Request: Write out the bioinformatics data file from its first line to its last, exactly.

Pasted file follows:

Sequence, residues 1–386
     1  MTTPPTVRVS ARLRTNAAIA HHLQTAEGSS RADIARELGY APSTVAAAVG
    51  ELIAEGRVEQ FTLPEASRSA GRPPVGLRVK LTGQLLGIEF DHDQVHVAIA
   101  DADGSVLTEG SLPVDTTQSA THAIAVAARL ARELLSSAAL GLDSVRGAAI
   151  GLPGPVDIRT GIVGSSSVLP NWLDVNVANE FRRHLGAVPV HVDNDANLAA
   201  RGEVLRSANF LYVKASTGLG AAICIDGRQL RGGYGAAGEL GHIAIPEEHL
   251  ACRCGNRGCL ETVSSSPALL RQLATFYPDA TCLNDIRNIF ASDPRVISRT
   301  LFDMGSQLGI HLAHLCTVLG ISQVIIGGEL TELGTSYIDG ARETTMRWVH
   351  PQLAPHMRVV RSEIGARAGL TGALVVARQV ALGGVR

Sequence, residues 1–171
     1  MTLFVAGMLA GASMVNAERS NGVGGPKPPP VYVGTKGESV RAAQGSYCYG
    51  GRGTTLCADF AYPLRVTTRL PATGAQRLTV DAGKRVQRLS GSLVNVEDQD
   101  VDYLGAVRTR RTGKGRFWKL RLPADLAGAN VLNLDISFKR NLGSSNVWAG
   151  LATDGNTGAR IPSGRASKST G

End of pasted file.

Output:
Sequence, residues 1–386
     1  MTTPPTVRVS ARLRTNAAIA HHLQTAEGSS RADIARELGY APSTVAAAVG
    51  ELIAEGRVEQ FTLPEASRSA GRPPVGLRVK LTGQLLGIEF DHDQVHVAIA
   101  DADGSVLTEG SLPVDTTQSA THAIAVAARL ARELLSSAAL GLDSVRGAAI
   151  GLPGPVDIRT GIVGSSSVLP NWLDVNVANE FRRHLGAVPV HVDNDANLAA
   201  RGEVLRSANF LYVKASTGLG AAICIDGRQL RGGYGAAGEL GHIAIPEEHL
   251  ACRCGNRGCL ETVSSSPALL RQLATFYPDA TCLNDIRNIF ASDPRVISRT
   301  LFDMGSQLGI HLAHLCTVLG ISQVIIGGEL TELGTSYIDG ARETTMRWVH
   351  PQLAPHMRVV RSEIGARAGL TGALVVARQV ALGGVR

Sequence, residues 1–171
     1  MTLFVAGMLA GASMVNAERS NGVGGPKPPP VYVGTKGESV RAAQGSYCYG
    51  GRGTTLCADF AYPLRVTTRL PATGAQRLTV DAGKRVQRLS GSLVNVEDQD
   101  VDYLGAVRTR RTGKGRFWKL RLPADLAGAN VLNLDISFKR NLGSSNVWAG
   151  LATDGNTGAR IPSGRASKST G